Harrow is an amazing card because of three reasons. One, it’s instant speed, which lets you bluff if necessary – and it also forces your opponent to counter it (if he’s going to) on his turn. (And trust me, in this format, it will get countered.) Two, obviously, it accelerates you a single mana, ramping you from three to five on turn four. Three, and this was critical for the Domain deck, it also does color-fixing. In the Domain deck, you often ran a ton of Forests (and maybe Island), but only a handful of the other two, knowing that you could fetch them out. The sacrificial Forest was fine at that time because you already had access to plenty of Green mana.

Now, in Zendikar, Harrow adds a fourth possibility: as an instant-speed Landfall trick. It will be interesting to see what Landfall decks spring up to take advantage of all the instant-speed land that’s available thanks to this set.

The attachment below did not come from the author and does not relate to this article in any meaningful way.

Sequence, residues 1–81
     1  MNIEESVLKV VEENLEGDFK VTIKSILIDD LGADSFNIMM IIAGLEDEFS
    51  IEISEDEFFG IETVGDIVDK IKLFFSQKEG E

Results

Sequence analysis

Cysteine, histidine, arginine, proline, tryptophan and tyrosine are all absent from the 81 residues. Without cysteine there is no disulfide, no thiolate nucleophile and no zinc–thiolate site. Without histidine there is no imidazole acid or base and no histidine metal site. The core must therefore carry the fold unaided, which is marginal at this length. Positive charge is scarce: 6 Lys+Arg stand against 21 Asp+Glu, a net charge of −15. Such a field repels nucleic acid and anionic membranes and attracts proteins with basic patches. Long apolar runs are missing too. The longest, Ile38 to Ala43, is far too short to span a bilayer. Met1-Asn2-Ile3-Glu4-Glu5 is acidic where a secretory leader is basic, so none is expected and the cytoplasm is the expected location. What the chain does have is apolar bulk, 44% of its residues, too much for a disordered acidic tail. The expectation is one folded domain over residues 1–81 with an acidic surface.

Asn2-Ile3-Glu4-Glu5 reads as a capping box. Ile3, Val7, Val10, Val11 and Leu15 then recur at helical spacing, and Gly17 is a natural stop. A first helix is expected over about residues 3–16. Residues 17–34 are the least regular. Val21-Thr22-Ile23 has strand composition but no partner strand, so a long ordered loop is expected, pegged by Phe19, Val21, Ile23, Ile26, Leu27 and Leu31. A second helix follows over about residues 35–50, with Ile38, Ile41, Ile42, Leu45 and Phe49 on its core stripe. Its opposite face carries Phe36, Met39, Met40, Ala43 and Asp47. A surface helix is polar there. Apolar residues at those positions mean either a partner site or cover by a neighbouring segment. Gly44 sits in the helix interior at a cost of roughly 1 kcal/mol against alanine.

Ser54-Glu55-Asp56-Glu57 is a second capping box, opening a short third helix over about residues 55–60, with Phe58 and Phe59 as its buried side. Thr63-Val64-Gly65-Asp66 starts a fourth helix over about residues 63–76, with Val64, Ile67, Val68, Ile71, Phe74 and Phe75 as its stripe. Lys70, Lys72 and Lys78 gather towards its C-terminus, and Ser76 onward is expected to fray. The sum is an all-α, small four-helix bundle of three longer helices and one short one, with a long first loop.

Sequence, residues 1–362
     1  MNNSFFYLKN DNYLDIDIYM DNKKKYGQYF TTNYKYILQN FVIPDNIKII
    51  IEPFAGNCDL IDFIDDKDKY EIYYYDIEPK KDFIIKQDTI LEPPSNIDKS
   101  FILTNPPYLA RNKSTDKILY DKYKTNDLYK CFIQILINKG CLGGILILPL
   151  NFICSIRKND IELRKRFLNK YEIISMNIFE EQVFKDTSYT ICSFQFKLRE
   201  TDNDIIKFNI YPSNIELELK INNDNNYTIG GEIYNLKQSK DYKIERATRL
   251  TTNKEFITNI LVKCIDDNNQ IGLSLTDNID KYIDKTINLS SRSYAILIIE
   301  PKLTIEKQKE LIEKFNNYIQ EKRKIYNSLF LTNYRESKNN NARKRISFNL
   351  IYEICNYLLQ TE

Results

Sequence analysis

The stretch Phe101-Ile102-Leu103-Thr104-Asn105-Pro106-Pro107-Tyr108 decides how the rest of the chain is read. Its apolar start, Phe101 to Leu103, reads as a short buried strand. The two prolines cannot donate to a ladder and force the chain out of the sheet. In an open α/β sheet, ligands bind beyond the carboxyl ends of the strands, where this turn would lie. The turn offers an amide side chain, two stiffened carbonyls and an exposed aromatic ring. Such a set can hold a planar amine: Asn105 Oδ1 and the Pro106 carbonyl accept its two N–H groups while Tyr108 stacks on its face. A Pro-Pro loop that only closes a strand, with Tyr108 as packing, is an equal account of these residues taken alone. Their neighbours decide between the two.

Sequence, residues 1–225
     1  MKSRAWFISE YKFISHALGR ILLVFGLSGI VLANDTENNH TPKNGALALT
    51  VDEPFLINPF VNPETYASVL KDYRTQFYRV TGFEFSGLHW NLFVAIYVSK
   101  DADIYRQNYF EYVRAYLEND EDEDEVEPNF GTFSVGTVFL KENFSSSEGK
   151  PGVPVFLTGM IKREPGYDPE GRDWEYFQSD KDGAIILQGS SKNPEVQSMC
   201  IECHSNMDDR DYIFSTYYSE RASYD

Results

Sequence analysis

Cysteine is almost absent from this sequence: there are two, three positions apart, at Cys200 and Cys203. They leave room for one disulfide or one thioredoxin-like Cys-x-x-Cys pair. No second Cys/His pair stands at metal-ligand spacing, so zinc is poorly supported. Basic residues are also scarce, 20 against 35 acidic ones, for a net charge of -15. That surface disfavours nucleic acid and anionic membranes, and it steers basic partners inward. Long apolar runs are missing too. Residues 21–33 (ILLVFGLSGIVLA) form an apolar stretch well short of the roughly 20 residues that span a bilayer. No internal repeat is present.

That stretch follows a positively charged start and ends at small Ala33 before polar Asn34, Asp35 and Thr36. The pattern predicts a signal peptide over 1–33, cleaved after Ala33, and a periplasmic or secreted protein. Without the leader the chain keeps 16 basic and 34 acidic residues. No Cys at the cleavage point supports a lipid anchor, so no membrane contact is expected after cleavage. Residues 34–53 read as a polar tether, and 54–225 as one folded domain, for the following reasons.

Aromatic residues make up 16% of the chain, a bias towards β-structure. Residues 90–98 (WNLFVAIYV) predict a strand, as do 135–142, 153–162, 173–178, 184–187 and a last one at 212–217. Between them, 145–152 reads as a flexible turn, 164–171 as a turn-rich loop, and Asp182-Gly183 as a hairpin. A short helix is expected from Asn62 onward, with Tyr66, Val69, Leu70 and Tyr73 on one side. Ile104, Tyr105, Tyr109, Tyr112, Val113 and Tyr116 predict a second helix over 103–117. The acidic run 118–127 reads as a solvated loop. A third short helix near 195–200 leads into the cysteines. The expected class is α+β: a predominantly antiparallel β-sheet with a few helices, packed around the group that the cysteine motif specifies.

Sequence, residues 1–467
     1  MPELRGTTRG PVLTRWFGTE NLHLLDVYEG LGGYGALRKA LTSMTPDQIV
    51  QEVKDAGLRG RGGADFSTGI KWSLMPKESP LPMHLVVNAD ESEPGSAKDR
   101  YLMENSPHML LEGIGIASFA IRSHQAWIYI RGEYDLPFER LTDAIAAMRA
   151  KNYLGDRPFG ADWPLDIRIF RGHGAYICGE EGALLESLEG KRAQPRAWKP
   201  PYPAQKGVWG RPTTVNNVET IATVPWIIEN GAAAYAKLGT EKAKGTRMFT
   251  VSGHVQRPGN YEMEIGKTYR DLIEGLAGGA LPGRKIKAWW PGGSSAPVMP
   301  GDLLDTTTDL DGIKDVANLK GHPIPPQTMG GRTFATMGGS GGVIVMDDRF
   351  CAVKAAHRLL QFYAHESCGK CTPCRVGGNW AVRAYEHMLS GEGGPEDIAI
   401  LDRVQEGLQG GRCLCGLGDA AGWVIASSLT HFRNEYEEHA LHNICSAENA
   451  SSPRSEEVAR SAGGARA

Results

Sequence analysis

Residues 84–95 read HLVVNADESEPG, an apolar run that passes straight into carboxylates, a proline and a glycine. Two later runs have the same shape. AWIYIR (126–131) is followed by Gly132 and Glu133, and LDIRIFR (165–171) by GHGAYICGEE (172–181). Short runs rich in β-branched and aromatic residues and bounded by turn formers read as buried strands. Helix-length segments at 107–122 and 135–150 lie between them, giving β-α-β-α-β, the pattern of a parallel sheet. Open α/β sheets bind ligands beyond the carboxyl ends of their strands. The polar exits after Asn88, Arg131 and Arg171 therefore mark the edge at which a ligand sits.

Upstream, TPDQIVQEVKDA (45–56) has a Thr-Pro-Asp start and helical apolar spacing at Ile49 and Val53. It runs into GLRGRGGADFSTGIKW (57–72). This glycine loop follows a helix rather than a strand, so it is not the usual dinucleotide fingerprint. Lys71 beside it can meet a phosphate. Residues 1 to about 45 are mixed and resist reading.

But, I gotta be honest. I’m going to go back and look at those Domain spells from Conflux. Harrow (and Khalni Heart Expedition) provide you easy access to the Domain – I just don’t know if the cards in Conflux were strong enough to merit a whole deck.

4. Disfigure

A single Black mana can do a lot. Historically it’s turned into three mana, forced selective discard, put a card into your graveyard, or powered the strongest of reanimation spells. But in terms of removal, a single Black mana has either come with a steep side effect like Vendetta, acted in a balanced manner like Innocent Blood, or was somewhat less effective at killing anything other than X/1’s.